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Department of Communications/
News Bureau
22 Davis Hall, 10 Lippitt Road, Kingston, RI 0288
Phone: 401-874-2116 Fax: 401-874-7872

Media Contact: Dave Lavallee 401-874-2116

URI Assistant Professor has powerful weapons to track birth of killers

KINGSTON, R.I. -- July 10, 2003 -- University of Rhode Island Assistant Professor Roberta S. King is on the hunt. Her game, however, is so small and insidious that she needs very powerful, expensive equipment to track and monitor it.

The biomedical scientist in URI’s College of Pharmacy, who is trying to crack the mysteries of the very first steps of carcinogenesis, the development of cancer, now has the right tools at her disposal thanks to the Rhode Island Biomedical Research Infrastructure Network’s (BRIN) Centralized Research Core Facility.

"My focus is how metabolism of xenobiotics can lead to carcinogenesis. In simpler terms, this means how metabolism of compounds foreign to the body can initiate changes which lead to uncontrolled cell growth," said King, a member of the federally funded research network. "We are focusing on a particular metabolism enzyme family, the sulfotransferases."

In her breast cancer research, she is looking at estrogen sulfotransferase and how it regulates the activity of estrogen. Many compounds in people’s diets and a few medications reduce the activity of (inhibit) estrogen sulfotransferase, according to King.

"What we don't know is whether this inhibition is potent enough to cause increased cellular level of estrogen and subsequent increased cell proliferation. The dietary inhibitors of sulfotransferase are not specific, that is they affect many other enzymes so it is difficult to determine which effects are due to the sulfotransferase pathway," King said.

King's research is designed to solve these problems and her work has been made much easier with several of the high-end instruments now available in the Core Facility.

King will be using the SGI molecular modeling workstation and accompanying Accelyr’s Insight II software for 3D modeling simulations. "I will be looking at three-dimensional structures of enzymes such as estrogen sulfotransferase to design very specific inhibitors for these enzymes. You need very powerful technology and software because these molecules are quite large. In a water molecule, there are three atoms, but with what we are looking at, we are talking about 2,000 to 3,000 atoms in one molecule."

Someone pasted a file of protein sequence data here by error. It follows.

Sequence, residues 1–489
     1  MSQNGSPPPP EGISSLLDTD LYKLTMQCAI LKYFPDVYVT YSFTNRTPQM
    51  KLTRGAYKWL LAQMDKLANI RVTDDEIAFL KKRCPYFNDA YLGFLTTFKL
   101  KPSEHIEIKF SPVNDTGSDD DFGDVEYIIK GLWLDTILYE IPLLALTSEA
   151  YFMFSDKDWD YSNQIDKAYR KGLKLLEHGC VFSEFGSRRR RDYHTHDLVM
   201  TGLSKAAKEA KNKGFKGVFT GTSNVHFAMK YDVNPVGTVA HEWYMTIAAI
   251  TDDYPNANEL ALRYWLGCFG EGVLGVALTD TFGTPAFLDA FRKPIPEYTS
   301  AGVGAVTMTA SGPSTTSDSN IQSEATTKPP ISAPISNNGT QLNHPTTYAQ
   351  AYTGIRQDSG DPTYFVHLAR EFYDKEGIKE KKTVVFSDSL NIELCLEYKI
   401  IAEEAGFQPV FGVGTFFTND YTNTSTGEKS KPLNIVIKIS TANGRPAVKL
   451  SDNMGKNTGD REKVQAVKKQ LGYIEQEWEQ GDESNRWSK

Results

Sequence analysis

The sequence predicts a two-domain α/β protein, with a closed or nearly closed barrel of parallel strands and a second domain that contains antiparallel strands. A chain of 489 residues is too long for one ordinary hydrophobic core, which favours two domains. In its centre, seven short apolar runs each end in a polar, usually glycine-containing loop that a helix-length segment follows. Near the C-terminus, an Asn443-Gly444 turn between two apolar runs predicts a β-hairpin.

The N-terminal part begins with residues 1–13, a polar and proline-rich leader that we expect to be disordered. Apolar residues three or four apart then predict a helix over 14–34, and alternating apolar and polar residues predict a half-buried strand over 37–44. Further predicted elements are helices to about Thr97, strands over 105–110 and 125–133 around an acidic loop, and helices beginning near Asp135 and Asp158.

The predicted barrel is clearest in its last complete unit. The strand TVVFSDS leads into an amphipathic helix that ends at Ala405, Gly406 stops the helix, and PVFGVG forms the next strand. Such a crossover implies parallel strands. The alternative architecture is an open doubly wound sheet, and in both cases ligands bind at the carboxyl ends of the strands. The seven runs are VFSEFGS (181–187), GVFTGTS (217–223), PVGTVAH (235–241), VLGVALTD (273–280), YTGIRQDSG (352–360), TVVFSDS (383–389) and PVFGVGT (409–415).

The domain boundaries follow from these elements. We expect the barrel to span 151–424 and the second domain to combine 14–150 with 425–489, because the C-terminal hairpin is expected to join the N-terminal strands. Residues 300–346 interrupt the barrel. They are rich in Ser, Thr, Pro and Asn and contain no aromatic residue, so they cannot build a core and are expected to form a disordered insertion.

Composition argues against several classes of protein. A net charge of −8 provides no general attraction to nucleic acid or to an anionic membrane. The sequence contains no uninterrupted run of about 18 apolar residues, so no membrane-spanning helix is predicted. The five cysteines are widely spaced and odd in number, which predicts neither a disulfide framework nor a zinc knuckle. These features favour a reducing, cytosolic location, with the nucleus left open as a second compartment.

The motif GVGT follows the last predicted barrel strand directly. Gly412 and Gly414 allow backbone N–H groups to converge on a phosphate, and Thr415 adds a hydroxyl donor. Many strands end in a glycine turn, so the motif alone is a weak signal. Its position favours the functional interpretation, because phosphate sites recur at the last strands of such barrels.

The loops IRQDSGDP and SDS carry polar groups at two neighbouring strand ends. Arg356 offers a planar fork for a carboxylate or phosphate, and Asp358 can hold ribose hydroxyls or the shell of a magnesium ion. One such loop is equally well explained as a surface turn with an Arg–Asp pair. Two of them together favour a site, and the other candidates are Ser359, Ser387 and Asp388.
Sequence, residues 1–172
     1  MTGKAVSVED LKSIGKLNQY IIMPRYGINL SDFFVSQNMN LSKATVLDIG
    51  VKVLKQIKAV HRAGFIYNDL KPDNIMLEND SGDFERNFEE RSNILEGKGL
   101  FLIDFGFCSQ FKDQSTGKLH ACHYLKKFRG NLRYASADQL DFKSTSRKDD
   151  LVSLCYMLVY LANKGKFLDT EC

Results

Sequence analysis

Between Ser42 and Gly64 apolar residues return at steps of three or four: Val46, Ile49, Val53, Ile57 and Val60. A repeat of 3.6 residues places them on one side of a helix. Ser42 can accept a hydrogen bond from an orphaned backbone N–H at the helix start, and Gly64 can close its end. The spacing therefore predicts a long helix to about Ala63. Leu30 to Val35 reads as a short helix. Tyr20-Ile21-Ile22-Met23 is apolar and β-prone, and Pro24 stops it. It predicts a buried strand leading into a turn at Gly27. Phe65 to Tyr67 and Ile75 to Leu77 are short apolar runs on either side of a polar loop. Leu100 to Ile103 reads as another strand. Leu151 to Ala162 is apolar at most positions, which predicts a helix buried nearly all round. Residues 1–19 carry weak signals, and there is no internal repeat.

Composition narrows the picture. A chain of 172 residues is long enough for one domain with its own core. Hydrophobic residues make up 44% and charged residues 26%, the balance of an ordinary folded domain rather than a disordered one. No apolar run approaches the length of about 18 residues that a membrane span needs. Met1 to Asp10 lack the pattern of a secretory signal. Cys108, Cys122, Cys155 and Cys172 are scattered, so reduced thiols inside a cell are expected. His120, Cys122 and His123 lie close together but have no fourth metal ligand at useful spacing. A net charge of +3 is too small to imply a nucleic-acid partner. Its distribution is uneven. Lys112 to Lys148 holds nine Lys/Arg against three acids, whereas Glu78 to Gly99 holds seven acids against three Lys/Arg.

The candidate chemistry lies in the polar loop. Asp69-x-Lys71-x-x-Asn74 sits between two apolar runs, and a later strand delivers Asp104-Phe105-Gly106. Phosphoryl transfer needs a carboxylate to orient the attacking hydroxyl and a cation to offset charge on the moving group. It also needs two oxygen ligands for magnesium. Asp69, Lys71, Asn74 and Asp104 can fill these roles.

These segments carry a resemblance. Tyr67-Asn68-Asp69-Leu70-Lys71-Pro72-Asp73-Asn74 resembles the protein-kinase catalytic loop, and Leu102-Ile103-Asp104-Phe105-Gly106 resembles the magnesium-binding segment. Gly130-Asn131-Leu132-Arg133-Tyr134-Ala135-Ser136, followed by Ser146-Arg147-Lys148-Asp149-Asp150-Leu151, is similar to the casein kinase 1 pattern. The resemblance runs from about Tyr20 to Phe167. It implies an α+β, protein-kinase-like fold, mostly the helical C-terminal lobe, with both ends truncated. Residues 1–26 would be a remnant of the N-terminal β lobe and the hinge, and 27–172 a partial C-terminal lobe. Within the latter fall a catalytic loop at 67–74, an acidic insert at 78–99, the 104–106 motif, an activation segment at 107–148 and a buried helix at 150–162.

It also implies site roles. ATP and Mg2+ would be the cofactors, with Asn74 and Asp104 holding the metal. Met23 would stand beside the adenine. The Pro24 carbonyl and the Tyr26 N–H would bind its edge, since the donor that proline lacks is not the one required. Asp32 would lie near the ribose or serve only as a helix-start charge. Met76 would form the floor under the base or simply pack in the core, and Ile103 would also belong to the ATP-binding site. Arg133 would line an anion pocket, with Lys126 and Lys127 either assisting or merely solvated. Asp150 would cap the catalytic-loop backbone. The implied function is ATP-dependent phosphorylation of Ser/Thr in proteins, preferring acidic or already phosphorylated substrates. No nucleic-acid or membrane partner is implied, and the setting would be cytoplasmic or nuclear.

In her colon cancer research, King has been analyzing the basic building blocks of life and how they are affected by compounds introduced to the body. "I am looking at metabolites that covalently bind with DNA."

Those changed versions of DNA, called DNA adducts, can be examined using the Typhoon 9410 high performance imager in the newly established lab. "These DNA adducts are formed at very low levels. I will be looking at carcinogen metabolism in general and seeing what increases or decreases DNA adduct formation. In chemical carcinogenesis, creation of the DNA adduct is the very beginning of the disease process," King said.

King will also be using the cell culture facility. "This is very important because I don’t have this facility in my lab. It would be very expensive to acquire it (the cell culture equipment), and yet I need to be looking at cells as better models of the human situation." She’ll be using the cell culture facility to examine cell behavior in colon, liver and breast cancer.

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